It is important to always be accessible to the students during this activity, for the students are bound to have questions. I try to limit my students to factual questions (e.g. Why is the calcium needed?), rather than questions such as "How can I show this?" If the students are merely left alone, some may take the assignment as too overwhelming and retreat from it. One's presence and encouragement can lead the students to great things, yet one must make sure not to take over and make it into the teacher's own skit.

I try to be fairly inconspicuous during their planning stages, but it is necessary from time to time to point out areas that were overlooked ("I noticed that you formed the cross bridges here, but how does this help the sarcomere to shorten?" and following their answer, "How could you change your skit to show that?") This is a marvelous way of gauging the level of the students' understanding and finding areas in need of micro teaching (on the spot elaboration). Whenever a group makes an error in their rehearsals I ask my students to explain what is happening in scientific terms. This is often the point where the students themselves discover their error, and then create their own solution.

It is important to have the students include rehearsals in their planning stages, for that allows them to not only spot gaps in the information, but it also helps promote ideas for improvement. This also helps eliminate the hazard of having one student plan and the others merely follow; this method encourages teamwork and collaboration.

I generally don't provide props because it tends to stifle the student's creativity. The students are instructed to use any means of delivery, as long as they are not insulting or offensive to anyone. Students can use song, dance, high drama, etc. to further their performance.

Method of Assessment/Evaluation

Since each of the groups will perform in front of the class, I not only give a group grade, but I also have the students "vote" to grade the other groups by "secret ballot." I then average the students' grade votes for each group. This grade becomes 25% of the groups' final grade. If a supportive and honest atmosphere exists, the students tend to grade each other quite fairly and honestly. Part of my grade also includes an assessment of their cooperation as a group during the planning stages.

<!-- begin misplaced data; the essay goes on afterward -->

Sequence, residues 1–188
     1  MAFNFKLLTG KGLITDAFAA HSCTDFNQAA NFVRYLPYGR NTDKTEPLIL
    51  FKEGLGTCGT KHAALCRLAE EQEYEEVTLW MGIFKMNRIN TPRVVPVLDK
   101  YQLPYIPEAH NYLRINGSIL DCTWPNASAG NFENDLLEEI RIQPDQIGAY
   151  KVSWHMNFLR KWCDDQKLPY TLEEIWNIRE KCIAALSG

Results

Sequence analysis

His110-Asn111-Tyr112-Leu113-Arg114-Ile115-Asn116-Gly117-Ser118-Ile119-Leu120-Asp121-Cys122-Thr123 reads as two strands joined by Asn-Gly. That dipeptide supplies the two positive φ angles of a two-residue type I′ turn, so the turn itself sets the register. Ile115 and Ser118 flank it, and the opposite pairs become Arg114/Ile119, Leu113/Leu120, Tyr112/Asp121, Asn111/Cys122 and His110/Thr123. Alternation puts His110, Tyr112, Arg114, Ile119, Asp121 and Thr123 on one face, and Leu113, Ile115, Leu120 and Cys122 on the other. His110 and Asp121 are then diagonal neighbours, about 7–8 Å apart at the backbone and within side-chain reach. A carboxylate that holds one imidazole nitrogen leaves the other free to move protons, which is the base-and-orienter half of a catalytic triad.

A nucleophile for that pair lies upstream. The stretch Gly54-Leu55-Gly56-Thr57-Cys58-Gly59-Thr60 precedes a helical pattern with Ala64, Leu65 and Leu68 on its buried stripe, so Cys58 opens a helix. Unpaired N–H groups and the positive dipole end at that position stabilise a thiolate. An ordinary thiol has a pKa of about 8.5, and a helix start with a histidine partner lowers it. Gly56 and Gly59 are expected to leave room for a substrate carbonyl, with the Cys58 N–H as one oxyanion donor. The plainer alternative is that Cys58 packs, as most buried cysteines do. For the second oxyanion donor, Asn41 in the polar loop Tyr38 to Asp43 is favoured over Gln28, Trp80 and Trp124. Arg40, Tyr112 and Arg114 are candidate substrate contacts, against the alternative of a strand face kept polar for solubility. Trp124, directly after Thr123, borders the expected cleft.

Some of the criteria I use are:

  • scientific accuracy
  • visualization over verbalization
  • brevity of narrative (supportive only)
  • teamwork and equality of planning and roles
  • creativity and enthusiasm

I tend to aim for a holistic score over an actual breakdown into categories, as a point by point breakdown tends to distract me from the subtlety of the performances. Individual teachers may prefer to choose their own grading methods and/or criteria.

In some cases I will assign certain students a slightly higher grade (B+ to A-) if they take a more active role in the construction of the performance, or a slightly lower grade (B+ to B) if they contributed less. One has to be careful about this practice, for it can ultimately defeat the purpose of this as a GROUP activity based on the equality of the roles. On the other hand, I have seen some students shine in this type of activity who often have trouble with science and, as such, they should be rewarded.

Extension/Reinforcement/Additional Ideas

Following this activity I traditionally ask my students to create a three dimensional model of a sarcomere. This model must be movable in order to demonstrate the "sliding filament" model. In order to prevent any students taking advantage of greater access to monetary resources, I always emphasize the word INEXPENSIVE! The students are instructed to limit themselves to simple materials that can be found at home. This limitation actually has the effect of increasing the students' creativity (necessity is the mother of invention!) rather than stifling it. Other important limitations include prohibiting the use of food, with the exception of dry pasta or dry rice (any other food tends to create an ant problem, not to mention spoilage), and prohibiting the use of living things (I'd rather not have things die in the name of expanding our understanding of life). These limitations apply to all models I assign.